Deputy Registrar of the European Court of Human Rights (2006-2015)
Michael O’Boyle has spent most of his legal career at the European Commission and European Court of Human Rights. He was elected and re-elected Deputy Registrar of the Court. He is one of the co-authors of The Law of the European Convention on Human Rights, now in its 4th edition (OUP, with Professors Harris, Bates and Buckley). In 2015 he was appointed Special Advisor to the Government of Georgia on behalf of the Secretary General of the Council of Europe. He is currently working with the Council of Europe on issues relating to doping in sport and human rights.
Lecturer in Law at Lorraine University (France)
Dr Marie Rota specialises in international and comparative human rights law. Her doctoral studies brought her to undertake several research visits in Latin America. Her PhD thesis was published under the title L’interprétation des conventions américaine et européenne des droits de l’homme (LGDJ, 2018, 558 pp). Extending her study of international and comparative law beyond the European and Inter-American systems, Dr Rota is continuing to work on human rights’ judicial interpretation. She has (co-)edited 3 collections and written 40 academic articles.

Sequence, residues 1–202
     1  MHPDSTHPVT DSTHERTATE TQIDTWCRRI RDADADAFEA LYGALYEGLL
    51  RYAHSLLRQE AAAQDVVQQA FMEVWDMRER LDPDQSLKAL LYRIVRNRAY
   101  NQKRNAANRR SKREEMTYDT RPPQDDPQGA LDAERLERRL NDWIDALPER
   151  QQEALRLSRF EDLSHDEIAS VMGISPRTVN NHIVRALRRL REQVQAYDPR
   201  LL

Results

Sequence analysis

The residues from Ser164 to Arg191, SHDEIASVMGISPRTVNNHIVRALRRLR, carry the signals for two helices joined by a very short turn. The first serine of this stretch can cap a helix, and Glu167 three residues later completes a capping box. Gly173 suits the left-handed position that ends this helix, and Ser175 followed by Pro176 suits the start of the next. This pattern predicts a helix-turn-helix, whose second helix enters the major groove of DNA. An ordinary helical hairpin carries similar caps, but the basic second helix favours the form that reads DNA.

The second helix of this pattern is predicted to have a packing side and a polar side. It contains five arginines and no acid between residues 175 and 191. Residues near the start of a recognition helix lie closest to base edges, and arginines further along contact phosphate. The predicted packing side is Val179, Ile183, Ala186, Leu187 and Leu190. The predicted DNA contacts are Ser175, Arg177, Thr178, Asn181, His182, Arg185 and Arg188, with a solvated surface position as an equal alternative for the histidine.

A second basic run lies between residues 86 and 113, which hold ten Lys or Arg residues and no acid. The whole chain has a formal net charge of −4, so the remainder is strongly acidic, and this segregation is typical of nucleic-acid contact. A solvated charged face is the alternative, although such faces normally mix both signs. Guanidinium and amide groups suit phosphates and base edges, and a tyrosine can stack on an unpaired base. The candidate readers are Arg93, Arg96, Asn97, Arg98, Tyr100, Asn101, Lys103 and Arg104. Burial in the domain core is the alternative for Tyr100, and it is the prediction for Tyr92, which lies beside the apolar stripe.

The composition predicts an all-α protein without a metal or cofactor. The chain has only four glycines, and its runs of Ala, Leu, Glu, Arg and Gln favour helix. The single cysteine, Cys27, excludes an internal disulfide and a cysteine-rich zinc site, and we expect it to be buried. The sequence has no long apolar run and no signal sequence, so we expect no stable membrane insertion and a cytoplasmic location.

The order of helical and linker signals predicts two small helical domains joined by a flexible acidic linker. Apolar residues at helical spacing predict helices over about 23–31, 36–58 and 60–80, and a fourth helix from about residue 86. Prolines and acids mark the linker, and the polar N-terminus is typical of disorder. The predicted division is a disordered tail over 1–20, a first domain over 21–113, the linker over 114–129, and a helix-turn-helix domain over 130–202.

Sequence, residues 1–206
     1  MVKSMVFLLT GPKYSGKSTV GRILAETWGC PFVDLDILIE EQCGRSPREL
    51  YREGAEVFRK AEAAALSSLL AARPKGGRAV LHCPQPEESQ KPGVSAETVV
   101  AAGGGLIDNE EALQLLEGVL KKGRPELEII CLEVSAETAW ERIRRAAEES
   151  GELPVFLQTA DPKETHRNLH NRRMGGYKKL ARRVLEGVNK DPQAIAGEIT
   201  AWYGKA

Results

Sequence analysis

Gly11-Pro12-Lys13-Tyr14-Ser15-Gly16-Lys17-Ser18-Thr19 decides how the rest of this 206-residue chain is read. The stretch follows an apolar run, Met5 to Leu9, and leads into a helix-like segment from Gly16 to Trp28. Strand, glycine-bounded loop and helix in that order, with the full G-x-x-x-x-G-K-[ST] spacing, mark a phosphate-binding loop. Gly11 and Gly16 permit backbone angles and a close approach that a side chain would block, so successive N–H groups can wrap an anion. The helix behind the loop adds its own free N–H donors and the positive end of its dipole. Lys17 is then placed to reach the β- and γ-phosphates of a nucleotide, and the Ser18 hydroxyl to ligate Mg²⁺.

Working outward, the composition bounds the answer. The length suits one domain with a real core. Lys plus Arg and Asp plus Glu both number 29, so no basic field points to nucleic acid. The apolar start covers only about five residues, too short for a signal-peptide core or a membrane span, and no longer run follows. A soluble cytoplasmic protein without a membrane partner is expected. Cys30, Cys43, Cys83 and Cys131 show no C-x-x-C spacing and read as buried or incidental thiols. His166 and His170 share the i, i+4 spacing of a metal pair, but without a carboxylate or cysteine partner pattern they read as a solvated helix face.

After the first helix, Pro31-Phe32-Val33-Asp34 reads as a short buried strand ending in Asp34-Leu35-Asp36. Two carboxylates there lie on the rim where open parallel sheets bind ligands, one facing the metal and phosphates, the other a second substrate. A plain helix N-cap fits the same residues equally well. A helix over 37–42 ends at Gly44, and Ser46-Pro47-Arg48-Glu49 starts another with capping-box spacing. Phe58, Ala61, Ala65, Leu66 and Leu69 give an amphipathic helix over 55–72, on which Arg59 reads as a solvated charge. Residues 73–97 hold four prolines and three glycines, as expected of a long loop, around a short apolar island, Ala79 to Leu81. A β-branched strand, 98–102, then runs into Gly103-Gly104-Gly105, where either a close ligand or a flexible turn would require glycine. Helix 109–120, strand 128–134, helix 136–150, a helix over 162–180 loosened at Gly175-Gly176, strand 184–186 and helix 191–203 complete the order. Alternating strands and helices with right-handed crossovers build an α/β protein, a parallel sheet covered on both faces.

Honorary Research Fellow in Politics at the University of Sussex
Neil Stammers was awarded his doctorate in 1980 for his thesis Civil Liberties in Britain During the Second World War. He was a member of faculty at the University of Sussex for more than fifteen years (1989-2005). His publications include Human Rights and Social Movements (Pluto, 2009), Global Activism, Global Media (Pluto, 2005) and a special issue of the London Review of International Law (2018) co-edited with Marie-Bénédicte Dembour. He has published in a range of other academic journals including Human Rights Quarterly, Alternatives and Political Studies, and has also contributed book chapters on a variety of topics.
Member of the UN Human Rights Committee (2019-2026) and Professor of International Public Law and International Human Rights Law at Aix-Marseille University.
Professor emerita at the University of Louvain
Françoise Tulkens was a judge at the European Court of Human Rights (1998-2012), where she also served as Section President and as Court’s Vice-President. She chaired the Board of Governors of the King Baudouin Foundation (2012-2016), was part of the United Nations Human Rights Advisory Panel for Kosovo (2012-2016) and occupied functions, including Vice-Chair, in the European Union Fundamental Rights’ Agency (FRA) (2013-2018). Françoise Tulkens is the author of many publications in the areas of human rights and criminal law. She has held visiting university positions in Europe and the United States. She holds honorary doctorates from six Universities. She is an Associate Member of the Belgian Royal Academy.